This work leads to the report Embedding public engagement in higher education: Final report of the national action research programme Burns, Squires et al 2011 itself adopting, presciently and leading by example, an “iterative and co-productive process.“
Again, although, the focus switches to the wider remit of HE rather than specifically research, there are the familiar lines of enquiry. “Debates emerged not only about what we meant by “engagement” but also about what was meant by the “public.” And, predictably but perhaps not ultimately helpfully, there is a recognition that the original model in the sciences will have alternatives in other disciplinary strands, as “a difference in how the public was perceived in scientific research compared to social scientific or arts based research.” While Public Engagement could have many interpretations it is knowledge development that is key and a ‘spectrum’ emerges with Academic knowledge production at one side, moving through transfer and exchange to Knowledge Co-generation at the far side. It recognises significant risk, reporting a dialogue that notes, “There is way more risk from dialogue and two-way exchange that there is to just go out there and stand in front as an expert.”
More recently there is advanced work from the research communities who have the strongest vested interest in collaborative methods. Here the movement towards knowledge exchange has evolved into knowledge mobilisation. What ensues is a genuine sensitivity to how communities gain from research. In Professor Hart’s words “Knowledge mobilisation explicitly attempts to combat power differentials between academics and community partners, and problematises knowledge power hierarchies.” [Hart et al in Social Science Journal] It is here that those best practices of co-created knowledge can emerge. As Facer and Enright state in their 2016 report for the AHRC, there is something expressly communicative in these new practices, a new vitality in what they have termed ‘substantive conversations’:
The Connected Communities Programme demonstrates that ‘public value’ from research is not about creating short term, instrumental partnerships in which universities offer quick evaluations or specialist inputs in exchange for communities offering access to a ‘real world’. Rather, it is about creating substantive conversations between the different sets of expertise and experience that university and community partners offer, and in so doing, enabling the core questions that both are asking to be reframed and challenged. Such a set of relationships is far from the naïve economic model that would see the value of research judged by its immediate utility. Instead, it is about the creation of a new public knowledge landscape [Facer, K & Enright, B 2016, Creating living knowledge: The Connected Communities Programme…]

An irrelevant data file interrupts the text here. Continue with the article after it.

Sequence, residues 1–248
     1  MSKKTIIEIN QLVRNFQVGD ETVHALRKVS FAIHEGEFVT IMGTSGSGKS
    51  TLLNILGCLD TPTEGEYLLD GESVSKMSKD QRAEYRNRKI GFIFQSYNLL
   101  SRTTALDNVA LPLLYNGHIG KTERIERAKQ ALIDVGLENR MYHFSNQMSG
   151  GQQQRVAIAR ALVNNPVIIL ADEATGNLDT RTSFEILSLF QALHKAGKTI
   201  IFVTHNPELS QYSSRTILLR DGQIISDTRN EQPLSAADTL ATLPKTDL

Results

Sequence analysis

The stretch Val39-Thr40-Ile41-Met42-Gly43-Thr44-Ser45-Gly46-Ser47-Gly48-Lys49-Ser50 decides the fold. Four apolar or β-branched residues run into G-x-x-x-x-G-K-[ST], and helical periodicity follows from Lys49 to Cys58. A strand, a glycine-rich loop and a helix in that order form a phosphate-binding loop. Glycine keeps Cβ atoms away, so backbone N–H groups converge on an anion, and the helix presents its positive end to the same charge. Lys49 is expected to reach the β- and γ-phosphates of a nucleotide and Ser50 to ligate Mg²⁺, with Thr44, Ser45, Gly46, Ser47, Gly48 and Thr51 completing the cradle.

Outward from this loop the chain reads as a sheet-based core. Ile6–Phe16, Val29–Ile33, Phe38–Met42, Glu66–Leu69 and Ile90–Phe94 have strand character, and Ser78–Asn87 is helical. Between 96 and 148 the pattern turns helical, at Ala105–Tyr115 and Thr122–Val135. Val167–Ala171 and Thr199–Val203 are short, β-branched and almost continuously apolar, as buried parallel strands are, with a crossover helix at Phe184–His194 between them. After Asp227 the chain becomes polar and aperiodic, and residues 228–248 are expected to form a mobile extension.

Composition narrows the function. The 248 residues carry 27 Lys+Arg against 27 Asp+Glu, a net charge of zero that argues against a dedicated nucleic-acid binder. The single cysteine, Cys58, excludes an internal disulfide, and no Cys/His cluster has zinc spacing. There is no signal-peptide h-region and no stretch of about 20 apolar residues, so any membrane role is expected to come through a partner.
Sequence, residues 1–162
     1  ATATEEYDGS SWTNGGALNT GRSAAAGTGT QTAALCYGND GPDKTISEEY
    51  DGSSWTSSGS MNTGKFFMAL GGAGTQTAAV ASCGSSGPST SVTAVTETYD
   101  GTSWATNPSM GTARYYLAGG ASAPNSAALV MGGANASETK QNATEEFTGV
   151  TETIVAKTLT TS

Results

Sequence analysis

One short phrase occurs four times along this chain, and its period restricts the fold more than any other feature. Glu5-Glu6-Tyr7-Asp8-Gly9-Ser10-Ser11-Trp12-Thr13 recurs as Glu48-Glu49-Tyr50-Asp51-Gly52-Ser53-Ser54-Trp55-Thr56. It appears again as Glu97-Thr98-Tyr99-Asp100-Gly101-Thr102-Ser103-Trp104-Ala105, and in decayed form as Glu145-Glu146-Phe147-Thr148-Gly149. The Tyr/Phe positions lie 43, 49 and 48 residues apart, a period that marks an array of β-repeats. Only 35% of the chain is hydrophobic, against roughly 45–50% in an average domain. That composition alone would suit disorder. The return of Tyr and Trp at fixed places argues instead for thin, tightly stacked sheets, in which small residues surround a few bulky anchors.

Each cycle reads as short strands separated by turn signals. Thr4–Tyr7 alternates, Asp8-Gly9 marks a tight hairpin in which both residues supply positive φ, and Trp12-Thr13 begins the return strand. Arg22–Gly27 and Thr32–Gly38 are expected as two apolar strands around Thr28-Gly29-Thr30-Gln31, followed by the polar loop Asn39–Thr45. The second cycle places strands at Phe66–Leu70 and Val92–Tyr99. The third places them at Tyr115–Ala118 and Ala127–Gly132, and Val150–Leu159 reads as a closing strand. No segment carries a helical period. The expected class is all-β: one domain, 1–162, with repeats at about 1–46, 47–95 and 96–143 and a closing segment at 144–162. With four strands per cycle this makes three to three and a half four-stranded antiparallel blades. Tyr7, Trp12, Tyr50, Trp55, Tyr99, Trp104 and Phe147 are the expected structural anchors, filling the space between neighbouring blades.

Yet it is here that the assertion is made as to how universities best communicate, by allowing the ‘core questions’ to be asked by wider ranges and greater numbers of people, but also facilitating a joint response and a shared responsibility over the making of new truths and new knowledges. Communicating research becomes an aspect of a wider co-productive mechanism. “Most universities should be able to increase the numbers and scope of pioneering co-production projects which engage on more equal terms with non university stakeholders… Underpinning this thinking is a widespread belief that public engagement produces higher quality research, higher quality teaching and considerable benefits for society.”(Burns, Squires 8)